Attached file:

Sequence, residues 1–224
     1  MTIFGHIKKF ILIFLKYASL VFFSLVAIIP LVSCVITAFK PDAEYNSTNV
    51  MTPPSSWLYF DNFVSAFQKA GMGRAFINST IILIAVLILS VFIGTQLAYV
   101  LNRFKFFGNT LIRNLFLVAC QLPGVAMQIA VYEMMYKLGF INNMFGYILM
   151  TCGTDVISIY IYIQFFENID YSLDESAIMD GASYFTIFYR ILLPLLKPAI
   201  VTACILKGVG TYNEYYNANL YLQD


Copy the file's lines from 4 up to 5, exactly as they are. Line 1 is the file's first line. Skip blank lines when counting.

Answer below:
   101  LNRFKFFGNT LIRNLFLVAC QLPGVAMQIA VYEMMYKLGF INNMFGYILM
   151  TCGTDVISIY IYIQFFENID YSLDESAIMD GASYFTIFYR ILLPLLKPAI